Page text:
The UAW and GM have a tentative contract.
The proposed four-year contract could end the longest national strike against the carmaker since 1970. But union leaders still have to sell the deal to a rank and file that's been on the picket line for a month.
Brian Peterson of Anderson Economic Group says every week, the financial costs are mounting.
"We're talking about in the neighborhood of $1.5 billion in lost profit for GM, and direct wage losses of $835 million for union members and automotive supplier workers," he says.
Peterson says the strike's impact is also starting to be felt by customers.
"We're hearing whispers about people not being able to get their vehicle repaired or be able to purchase a vehicle on a dealer lot that they were looking for," he says.
And for those on the picket line, the strike hasn't just hit them in the pocketbook. Jessie Kelly is with Local 160 in Warren, Michigan. She says it's tough living on the $250 a week in strike pay, along with other hardships.
But she says she and her fellow strikers have kept up their spirits.
"I would say it's been emotionally tolling, physically tolling," says Kelly. "I don't think I would use the word discouraged, because we all believe at the end of the day that the sacrifices will be 100% worth it."
Details of the tentative contract haven't been released yet. But the union and GM started out very far apart on most of the issues.
GM says its labor costs are higher than other car companies in the U.S., and it needs to rein them in. The company's first offer during negotiations would have required workers to pay a lot more than 4% of their health insurance premiums.
Kelly says that would be a reason to walk away from the deal.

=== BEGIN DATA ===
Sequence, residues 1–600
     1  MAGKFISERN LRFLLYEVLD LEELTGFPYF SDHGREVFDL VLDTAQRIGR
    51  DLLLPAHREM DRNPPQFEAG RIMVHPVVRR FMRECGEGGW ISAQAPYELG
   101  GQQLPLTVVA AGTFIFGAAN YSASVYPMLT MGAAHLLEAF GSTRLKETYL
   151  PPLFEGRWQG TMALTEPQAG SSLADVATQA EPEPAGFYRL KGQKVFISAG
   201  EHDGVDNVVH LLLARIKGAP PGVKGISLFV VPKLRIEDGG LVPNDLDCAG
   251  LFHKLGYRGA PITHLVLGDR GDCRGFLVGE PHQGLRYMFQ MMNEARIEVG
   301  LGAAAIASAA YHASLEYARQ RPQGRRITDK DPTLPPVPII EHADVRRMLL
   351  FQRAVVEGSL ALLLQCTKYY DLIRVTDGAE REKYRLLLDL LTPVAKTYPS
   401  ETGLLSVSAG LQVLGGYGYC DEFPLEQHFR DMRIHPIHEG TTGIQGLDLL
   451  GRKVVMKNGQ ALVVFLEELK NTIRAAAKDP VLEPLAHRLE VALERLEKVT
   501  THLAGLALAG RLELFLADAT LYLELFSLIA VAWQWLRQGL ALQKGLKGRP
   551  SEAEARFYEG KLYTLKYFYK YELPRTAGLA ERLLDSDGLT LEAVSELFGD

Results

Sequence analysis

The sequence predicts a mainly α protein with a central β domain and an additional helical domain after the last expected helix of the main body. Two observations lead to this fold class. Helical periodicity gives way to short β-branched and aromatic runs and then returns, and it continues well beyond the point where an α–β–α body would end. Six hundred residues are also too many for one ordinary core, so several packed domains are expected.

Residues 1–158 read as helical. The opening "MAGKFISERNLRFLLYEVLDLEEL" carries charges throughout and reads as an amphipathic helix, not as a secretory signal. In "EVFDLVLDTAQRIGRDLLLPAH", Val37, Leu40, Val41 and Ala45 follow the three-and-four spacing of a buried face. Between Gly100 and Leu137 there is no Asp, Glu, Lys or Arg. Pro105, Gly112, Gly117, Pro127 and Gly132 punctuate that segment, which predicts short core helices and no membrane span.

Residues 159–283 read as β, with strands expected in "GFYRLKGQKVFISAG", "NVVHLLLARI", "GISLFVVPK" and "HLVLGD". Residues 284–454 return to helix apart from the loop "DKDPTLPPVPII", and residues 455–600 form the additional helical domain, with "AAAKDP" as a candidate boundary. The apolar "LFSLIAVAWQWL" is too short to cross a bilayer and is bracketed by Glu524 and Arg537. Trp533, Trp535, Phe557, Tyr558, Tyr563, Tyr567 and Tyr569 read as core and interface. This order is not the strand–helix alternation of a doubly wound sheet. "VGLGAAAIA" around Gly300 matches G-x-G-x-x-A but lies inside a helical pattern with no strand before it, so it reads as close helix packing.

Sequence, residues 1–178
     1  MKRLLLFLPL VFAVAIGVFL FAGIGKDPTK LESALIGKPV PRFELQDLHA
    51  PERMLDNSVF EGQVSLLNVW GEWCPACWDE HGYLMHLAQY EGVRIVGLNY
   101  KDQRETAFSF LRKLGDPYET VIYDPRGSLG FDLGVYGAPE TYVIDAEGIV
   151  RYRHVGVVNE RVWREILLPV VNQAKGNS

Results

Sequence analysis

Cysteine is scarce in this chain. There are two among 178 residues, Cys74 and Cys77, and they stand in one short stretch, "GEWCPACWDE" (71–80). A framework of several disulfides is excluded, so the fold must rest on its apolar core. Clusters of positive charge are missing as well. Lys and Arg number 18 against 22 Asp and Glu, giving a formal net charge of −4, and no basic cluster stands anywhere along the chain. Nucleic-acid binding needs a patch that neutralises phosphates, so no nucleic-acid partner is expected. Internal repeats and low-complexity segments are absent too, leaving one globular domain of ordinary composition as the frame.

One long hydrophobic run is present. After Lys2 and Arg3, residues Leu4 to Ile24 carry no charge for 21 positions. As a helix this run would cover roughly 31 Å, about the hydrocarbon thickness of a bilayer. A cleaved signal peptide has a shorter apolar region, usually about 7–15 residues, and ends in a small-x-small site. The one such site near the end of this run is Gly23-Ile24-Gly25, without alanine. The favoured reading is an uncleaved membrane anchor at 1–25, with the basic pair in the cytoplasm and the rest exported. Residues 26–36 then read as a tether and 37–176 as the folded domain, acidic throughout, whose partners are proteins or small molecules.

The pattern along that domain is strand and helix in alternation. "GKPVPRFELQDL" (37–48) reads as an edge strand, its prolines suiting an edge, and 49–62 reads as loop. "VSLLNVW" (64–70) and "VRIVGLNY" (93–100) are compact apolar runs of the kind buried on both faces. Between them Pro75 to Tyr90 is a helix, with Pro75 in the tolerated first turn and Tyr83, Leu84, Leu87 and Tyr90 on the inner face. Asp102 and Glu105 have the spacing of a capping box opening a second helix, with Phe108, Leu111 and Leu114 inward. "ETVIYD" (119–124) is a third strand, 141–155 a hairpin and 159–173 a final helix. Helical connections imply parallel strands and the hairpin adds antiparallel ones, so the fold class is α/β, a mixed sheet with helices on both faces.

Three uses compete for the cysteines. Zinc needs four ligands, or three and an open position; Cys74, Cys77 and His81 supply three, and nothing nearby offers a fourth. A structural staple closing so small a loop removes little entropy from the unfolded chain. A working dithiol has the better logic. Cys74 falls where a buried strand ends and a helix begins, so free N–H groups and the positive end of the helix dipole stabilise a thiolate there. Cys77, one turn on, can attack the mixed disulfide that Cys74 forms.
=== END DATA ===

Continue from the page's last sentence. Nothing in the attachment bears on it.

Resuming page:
"If anything with the health insurance were to change, that is just, absolutely unacceptable," says Kelly.
The two sides also began far apart on GM's reliance on temporary workers, and lower wages for recently hired employees.
Kelly says this contract has to give her colleagues who are temporary workers some hope of getting hired in permanently, and newly hired workers shouldn't have to wait eight years before making as much as she does. That's even at the expense of a better hourly wage increase for herself and other higher paid workers, she says.
"We want our wins to come to those employees that have less than us and to those who are making a good standard of living right now," she says.
But GM says it needs the flexibility on wages to stay competitive.
Another big conflict was over plant closings. Late last year, GM announced it was "unallocating" two of its plants in Michigan, one in Maryland and one in Ohio. That means the plants will get no new products for now. Essentially, they've been shut down.
Kristin Dziczek is an analyst with the Center for Automotive Research.
"So that was a big sticking point about what would become of those four factories in the U.S.," says Dziczek. "And we still don't know, because we haven't seen the tentative agreement and how they resolved that issue."
But Dziczek says most of the strikers understand that any contract involves compromise.
"They've been out on the line so long and missed so many paychecks that I think that people will still find a way to ratify it," she says.
If the National Council approves the tentative contract, local union officials will call meetings with the rank and file to explain the terms.
A vote from the rank and file would be the next step. That could take a week or so. The union could choose to send workers back to their plants during the ratification process, or keep them on the picket line.